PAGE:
NZ heads to the polls

October 13, 2020 by Miriam Bell
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When New Zealand entered its second lockdown in August it led to the election being postponed for nearly a month – from the original date of September 19 till October 17.

Jacinda Ardern

That change means that, even with a brief pause in traditional campaigning, the election campaign has been going on for a particularly prolonged time.

Many New Zealanders appear to be suffering from election fatigue, with early voting numbers (at the time of writing) at 1.2 million which is up by 50% on the 2017 election.

This seems to suggest that many people have made their decision and are keen for the election to be done and dusted.

A week is a long time in politics so it’s certainly not possible to predict the end result… But the polls have consistently put the currently governing party, Labour, firmly in the lead.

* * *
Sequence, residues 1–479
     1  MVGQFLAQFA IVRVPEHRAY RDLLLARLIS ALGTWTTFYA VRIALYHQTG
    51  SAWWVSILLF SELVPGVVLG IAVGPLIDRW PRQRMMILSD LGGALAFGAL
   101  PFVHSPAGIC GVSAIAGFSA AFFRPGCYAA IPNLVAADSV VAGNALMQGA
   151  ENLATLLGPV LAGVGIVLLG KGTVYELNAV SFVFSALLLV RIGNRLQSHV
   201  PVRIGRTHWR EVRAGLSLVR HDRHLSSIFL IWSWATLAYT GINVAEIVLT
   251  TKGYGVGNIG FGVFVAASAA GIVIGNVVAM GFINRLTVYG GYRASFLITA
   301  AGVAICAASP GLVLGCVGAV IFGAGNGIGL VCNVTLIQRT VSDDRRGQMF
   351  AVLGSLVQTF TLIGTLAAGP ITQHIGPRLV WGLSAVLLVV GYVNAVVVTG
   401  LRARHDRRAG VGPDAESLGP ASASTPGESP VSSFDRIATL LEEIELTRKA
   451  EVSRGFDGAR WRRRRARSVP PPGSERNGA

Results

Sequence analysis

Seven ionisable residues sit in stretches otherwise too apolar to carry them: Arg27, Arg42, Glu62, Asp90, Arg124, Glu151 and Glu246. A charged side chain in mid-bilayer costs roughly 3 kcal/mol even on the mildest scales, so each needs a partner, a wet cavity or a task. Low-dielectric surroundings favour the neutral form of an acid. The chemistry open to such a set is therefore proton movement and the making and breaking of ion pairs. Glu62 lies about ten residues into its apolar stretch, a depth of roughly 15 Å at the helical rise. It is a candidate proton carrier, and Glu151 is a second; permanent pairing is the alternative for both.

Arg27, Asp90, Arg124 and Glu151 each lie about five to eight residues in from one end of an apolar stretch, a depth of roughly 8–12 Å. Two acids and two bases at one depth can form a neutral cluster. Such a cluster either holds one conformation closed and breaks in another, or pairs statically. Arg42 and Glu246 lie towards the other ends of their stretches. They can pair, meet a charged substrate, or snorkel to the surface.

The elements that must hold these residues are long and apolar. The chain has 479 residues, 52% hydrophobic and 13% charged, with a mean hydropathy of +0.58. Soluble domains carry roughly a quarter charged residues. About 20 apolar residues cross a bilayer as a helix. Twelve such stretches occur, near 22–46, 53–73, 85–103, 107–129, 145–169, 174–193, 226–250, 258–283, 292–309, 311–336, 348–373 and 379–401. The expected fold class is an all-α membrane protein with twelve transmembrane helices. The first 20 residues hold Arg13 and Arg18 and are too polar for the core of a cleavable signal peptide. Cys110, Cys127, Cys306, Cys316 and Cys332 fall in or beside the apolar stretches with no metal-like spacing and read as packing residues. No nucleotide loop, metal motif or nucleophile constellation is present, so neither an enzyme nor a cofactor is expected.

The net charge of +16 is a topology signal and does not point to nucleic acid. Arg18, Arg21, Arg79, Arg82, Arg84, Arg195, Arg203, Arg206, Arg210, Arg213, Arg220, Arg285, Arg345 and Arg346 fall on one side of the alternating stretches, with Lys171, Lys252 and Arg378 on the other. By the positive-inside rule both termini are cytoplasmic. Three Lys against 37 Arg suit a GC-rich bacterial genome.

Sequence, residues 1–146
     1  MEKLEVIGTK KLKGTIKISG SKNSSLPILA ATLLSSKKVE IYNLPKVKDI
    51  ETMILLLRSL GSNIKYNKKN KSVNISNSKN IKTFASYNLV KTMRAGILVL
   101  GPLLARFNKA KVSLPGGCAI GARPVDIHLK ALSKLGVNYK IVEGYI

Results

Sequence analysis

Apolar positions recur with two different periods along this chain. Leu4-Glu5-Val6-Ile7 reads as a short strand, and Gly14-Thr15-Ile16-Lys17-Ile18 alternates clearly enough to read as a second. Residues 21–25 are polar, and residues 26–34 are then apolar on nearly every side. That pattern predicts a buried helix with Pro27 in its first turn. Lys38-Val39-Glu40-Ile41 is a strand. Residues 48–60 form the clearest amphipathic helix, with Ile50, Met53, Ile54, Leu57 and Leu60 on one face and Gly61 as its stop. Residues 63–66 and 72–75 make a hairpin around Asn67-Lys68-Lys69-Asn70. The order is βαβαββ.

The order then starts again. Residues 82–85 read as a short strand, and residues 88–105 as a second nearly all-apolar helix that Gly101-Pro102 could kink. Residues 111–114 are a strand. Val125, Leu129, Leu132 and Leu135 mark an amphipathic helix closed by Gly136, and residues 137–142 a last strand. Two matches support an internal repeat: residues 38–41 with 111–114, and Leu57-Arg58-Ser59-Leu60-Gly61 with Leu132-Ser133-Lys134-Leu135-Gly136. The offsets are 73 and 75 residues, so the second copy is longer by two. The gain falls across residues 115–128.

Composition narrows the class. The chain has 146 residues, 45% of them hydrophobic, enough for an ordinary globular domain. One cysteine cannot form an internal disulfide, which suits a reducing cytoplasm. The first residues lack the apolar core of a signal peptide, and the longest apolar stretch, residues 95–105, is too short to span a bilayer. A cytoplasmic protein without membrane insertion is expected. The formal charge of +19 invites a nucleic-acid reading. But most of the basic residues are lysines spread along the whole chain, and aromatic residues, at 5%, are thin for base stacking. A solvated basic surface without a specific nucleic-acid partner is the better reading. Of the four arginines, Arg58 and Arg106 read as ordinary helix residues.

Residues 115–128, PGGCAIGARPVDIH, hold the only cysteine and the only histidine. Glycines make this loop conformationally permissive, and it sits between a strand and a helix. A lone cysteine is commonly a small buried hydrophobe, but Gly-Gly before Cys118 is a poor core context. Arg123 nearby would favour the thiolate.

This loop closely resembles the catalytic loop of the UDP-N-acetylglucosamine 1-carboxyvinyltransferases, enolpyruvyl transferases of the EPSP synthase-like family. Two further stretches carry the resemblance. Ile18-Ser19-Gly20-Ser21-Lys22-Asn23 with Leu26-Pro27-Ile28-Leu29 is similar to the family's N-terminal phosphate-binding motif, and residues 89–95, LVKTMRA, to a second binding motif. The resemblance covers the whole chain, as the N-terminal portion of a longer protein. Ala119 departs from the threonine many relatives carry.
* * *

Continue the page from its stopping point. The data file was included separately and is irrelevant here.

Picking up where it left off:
The latest poll, which was TVNZ’s Colmar Brunton poll out five days ago, has Labour on 47% and the main opposition party, National, on 32%.

However, an unusual feature of this election is that it’s really all been about COVID-19.

Sure, the various parties have announced a suite of policies – but much of the discourse and analysis has revolved around health and economic responses to the pandemic and the recession it has caused.

Even before a community outbreak of COVID-19 in Auckland prompted lockdown 2.0, Labour leader (and Prime Minister) Jacinda Ardern had tagged this election as the “Covid election”.

What does all this mean for the Jewish community?

Well, those interested in different parties’ positions on issues relating to Israel would be hard-pressed to find anything specific in any of the main parties’ publicly released foreign policy.

Of some help here is a voter’s guide published by the Israel Institute of NZ back in June.

It features a rating of where the five parties currently represented in Parliament, along with two minor parties, stand on a number of issues. [Read it here:]

These issues include whether or not the party in question condemns Palestinian terror, supported a negotiated solution, and supports ties with Israel.

According to the IINZ ratings, none of the main parties does particularly well in this space – although National is ranked better than Labour.

It is only the two minor parties included – the New Conservatives and the One Party – that are ranked highly on their Israel-related policies.